You can find 'half male and half female' birds

A bird watcher in Pennsylvania, USA has released a photo of a bird that says 'the right half is male and the left half is female '.

I have been birding for 48 years and yesterday (20 February 2021) I had a once-in-a-lifetime, one in a million bird ...

Posted by

Jamie Hill Sunday, February 21, 2021

Rare half-male, half-female northern cardinal pictured in Pennsylvania

'One in a million': Rare half male, half female cardinal spotted in Pennsylvania

The discovered is, passerine of the Northern Cardinal is a bird called. The Northern Cardinal, which bears the English name 'Cardinal (scarlet)', has bright red body hair for males as its name suggests, but female body hair is mainly brown, with crests and tail feathers, etc. It is a bird that looks very different between males and females, with a part of it being reddish.

James Hill, a birdwatcher in Pennsylvania, announced that the northern cardinal is 'male on the right and female on the left.' Looking at the photo, the color of the body surface has changed completely as if there is a line in the front part, the right half of the body is red, which is a characteristic of males, and the left half of the body is brown, which is a characteristic of females.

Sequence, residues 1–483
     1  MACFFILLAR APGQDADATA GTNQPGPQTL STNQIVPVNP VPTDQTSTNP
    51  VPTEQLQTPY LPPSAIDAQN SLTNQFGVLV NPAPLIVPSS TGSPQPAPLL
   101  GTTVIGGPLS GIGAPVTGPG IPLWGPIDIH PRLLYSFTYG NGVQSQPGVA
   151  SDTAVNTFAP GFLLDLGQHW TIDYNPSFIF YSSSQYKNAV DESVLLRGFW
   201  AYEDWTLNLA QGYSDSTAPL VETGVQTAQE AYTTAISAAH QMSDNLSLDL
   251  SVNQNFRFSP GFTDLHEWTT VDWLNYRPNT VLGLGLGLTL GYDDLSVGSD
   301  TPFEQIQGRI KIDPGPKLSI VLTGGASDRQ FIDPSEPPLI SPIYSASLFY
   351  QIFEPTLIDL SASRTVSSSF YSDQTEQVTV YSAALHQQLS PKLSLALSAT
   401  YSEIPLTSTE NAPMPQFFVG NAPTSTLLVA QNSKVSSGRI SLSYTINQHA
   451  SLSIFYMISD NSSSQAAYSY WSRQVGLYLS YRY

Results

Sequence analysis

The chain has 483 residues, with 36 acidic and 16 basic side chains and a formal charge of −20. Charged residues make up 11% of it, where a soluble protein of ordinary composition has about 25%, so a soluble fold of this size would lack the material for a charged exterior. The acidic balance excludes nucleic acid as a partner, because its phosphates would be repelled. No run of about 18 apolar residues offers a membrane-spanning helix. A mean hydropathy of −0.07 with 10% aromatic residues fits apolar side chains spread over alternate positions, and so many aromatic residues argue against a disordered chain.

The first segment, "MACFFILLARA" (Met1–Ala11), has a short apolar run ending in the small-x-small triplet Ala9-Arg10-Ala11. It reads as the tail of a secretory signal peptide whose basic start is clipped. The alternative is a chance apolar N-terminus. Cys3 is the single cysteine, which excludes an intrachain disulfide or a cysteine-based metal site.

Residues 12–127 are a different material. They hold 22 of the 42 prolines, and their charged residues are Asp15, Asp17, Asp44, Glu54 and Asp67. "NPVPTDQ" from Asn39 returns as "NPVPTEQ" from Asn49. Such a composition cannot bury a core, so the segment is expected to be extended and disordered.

Another angle looks like this.

The Northern Cardinal in question is an individual that often appears in the feeding area set up in the garden of Mr. Hill's friend's house. Intrigued by his friend's words, 'half and half of the strange birds are coming,' Hill decided to ask his friend to bring in the equipment and shoot.

It is said that the Northern Cardinal in question behaved in the same way as a normal individual within the observation time of 1 hour, but it is unknown whether it acts as a male or a female. In normal birds, the right ovary is degenerated, and only the left ovary functions, and the Northern Cardinal in question has a 'female left half of the body', so it may be a female child. , 'It is reported that the characteristic that the gender is different on the left and right may be inherited by children.'

In January 2019, an individual with almost the same appearance as the Northern Cardinal in question was confirmed in the area . Since the probability of such birds appearing is very low, it is believed that these two sightings captured the same individual.

Mr. Hill, 69, who has been bird watching for 48 years, commented on this encounter, 'It is a once-in-a-lifetime encounter with one in a million birds.'

An individual that has both male and female characteristics, such as the Northern Cardinal, is called a ' gynandromorphism '. Although there are few examples of male and female bird mosaics, the most recent discovery was a rose-breasted turtle with a male right half and a female left half in September 2020.


in Creature, Posted by darkhorse_log